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Harvard Psychologist Dr. B.F. Skinner, Ph.D. Studies of Pigeon Intelligence

Mankind has been teaching birds to talk for thousands of years. Man has also been using birds to deliver messages for just as long. But new research on the intelligence of birds suggests that they might be more intelligent than we suspect.

Researchers studying pigeons have learned that they can read all of the letters of the alphabet and they read them in a way similar to people. Scientists became convinced that pigeons see the world in much the same way as we do when they discovered that pigeons tend to confuse the very same letters that people do. What's more, it took only four months for pigeons to learn to distinguish all the letters of the alphabet. For years pigeons have been used to spot and reject defective items on assembly lines, where they have better records than human beings.

Scientists recently announced that they have discovered that the human brain is laced with tiny magnetic particles made of magnetite. Magnetite is the same mineral that occurs naturally in lodestones. While the particles are distributed throughout the brain, they seem to be more concentrated in the membrane that encloses the brain. Scientists said that they had not seen the particles before because they are so tiny. The smallest are about a millionth of an inch in diameter while the largest are a hundred-thousandth of an inch in diameter. Added together, all the particles in the average brain amount to only one millionth of an ounce.

The particles are identical to those found in many bacteria, pigeons, salmon and whales. The particles help those creatures navigate using the earth's magnetic field. Scientists are not prepared to say that they serve the same purpose in humans. Instead, they continue to study the particles to learn what purpose they serve.

Based on evolutionary theory, scientists naturally conclude that the recognition of abstract forms such as letters of the alphabet requires the larger brain. But this is an assumption and we might be reminded of the work of Harvard psychologist B. F. Skinner who made extensive use of learned behavior using pigeons. Brain size has little to do with intelligence. Real science and experience show this and disprove evolutionary views. The only alternative is that it is the Creator who gives His creatures their intelligence.

Source

Dr. B.F. Skinner, Ph.D.

American Psychology Association:

This month marks the 100th anniversary of the birth of influential behaviorist B.F. Skinner, the first psychologist to receive a Lifetime Achievement Award from APA and a key shaper of the evolution and practice of psychology in the modern world.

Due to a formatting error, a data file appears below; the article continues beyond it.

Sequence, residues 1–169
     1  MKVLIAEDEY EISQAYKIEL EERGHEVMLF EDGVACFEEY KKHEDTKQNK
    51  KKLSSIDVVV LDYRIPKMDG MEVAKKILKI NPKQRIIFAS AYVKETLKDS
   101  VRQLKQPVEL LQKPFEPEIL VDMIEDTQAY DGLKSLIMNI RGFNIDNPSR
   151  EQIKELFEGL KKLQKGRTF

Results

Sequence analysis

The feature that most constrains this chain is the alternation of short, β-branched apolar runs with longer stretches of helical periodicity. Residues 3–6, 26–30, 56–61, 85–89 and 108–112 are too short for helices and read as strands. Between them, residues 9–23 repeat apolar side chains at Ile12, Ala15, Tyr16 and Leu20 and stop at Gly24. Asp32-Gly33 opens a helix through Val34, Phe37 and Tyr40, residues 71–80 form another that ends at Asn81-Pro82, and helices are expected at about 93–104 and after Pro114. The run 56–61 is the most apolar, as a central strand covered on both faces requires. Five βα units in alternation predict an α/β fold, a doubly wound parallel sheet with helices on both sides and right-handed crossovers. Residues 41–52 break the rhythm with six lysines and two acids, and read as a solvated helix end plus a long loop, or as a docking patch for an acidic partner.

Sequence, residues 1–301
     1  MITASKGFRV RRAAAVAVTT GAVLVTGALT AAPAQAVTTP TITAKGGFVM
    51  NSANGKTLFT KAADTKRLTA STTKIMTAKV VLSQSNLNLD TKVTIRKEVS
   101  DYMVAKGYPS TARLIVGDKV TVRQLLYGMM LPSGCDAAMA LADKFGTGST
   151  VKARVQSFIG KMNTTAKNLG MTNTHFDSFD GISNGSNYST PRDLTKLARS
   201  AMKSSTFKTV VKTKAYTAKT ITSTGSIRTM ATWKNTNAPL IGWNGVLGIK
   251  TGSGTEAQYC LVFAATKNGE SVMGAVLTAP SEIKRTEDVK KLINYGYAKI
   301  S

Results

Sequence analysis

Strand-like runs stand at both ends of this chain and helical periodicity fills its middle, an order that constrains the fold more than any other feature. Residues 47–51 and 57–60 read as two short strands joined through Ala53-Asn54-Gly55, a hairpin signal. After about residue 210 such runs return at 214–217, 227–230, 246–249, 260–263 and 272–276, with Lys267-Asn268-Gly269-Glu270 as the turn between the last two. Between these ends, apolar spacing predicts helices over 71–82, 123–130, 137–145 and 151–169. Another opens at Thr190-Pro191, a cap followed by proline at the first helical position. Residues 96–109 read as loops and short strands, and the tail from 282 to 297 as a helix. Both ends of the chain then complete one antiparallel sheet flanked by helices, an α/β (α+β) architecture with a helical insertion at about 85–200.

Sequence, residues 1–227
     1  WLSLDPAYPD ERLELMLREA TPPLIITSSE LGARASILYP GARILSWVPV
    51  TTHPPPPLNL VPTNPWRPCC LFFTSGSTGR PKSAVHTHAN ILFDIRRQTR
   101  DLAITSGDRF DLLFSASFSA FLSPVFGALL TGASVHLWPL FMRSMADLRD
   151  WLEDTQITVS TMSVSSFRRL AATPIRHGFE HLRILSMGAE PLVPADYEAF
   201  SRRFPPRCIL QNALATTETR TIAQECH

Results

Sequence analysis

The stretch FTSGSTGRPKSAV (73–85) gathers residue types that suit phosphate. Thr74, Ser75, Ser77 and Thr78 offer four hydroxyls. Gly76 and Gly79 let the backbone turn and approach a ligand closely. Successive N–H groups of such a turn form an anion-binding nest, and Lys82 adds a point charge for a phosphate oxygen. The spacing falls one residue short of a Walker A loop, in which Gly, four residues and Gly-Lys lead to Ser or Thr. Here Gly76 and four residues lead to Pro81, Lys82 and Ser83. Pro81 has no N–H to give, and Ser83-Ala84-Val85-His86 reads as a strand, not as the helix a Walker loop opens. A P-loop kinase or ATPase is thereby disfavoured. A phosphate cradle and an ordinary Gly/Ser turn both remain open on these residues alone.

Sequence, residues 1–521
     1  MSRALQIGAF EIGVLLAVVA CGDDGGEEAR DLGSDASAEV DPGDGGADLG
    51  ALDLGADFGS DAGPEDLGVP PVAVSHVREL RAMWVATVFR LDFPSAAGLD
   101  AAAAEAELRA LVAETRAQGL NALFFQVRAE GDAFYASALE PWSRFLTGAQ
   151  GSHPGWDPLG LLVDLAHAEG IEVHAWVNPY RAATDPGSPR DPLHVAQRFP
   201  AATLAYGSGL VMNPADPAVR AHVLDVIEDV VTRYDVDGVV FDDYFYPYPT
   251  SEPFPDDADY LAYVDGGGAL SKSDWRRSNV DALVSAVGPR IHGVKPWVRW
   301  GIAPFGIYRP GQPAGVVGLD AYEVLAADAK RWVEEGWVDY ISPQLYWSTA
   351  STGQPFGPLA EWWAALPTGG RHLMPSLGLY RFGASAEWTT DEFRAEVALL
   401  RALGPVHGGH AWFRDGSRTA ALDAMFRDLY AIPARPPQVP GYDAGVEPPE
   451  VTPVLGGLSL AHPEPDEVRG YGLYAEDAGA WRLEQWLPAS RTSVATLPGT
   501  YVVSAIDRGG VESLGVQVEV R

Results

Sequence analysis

"[His work on behaviorism] opened a completely new approach to psychology that nobody had ever heard of," says Charles Brewer, PhD, the William R. Kenan Jr. Professor of Psychology at Furman University. "The work he did with pigeons and rats in the laboratory has been applied more widely in real-world applications than any other psychologist's," he adds.

After receiving an undergraduate degree in literature and trying to make a living as a writer in New York City, Skinner went to Harvard University's psychology department for his graduate studies. He worked closely with the university's new department of physiology because he was more interested in animal behavior than in internal mental processes.

Skinner built on the behaviorist theories of Ivan Pavlov and John Watson as he studied the connection between stimuli and observable behavior in rats, which led to his eponymous Skinner box. With its levers and food pellets, the box allowed precise measurement and control of experimental conditions.

Skinner received his PhD from Harvard University in 1931 and spent several years at the University of Minnesota and the University of Indiana, but he returned to Harvard in 1948, remaining there for the rest of his career. During World War II, Skinner convinced the military to fund his research--the famous Project Pigeon--to train pigeons to guide bombs and torpedoes. Skinner favored pigeons over rats because they live longer and he found them easier to train and handle. He believed the methods could be used to train humans--by presenting new subject matter in a series of graduated steps with feedback at each step. Modern computer-based instructional methods are based on his findings.

According to Michael Wertheimer, PhD, emeritus professor of psychology at the University of Colorado at Boulder, "The main spotlight on Skinner's work was during the period from about 1950 to about 1980, but ever since the late 1970s it has shifted to cognitive phenomena and theories." That behavioral analysis like Skinner's has been marginalized in recent years is detrimental to the field, in the view of Donald Dewsbury, PhD, a psychology professor at the University of Florida.

Still, the fact remains that B.F. Skinner is a household name, and his theories will always be an important part of psychology, says Brewer. "If you want to know whom students will be reading about in another 100 years, it will be Skinner," he says.

--M. GREENGRASS

PsychNET®

© 2004 American Psychological Association


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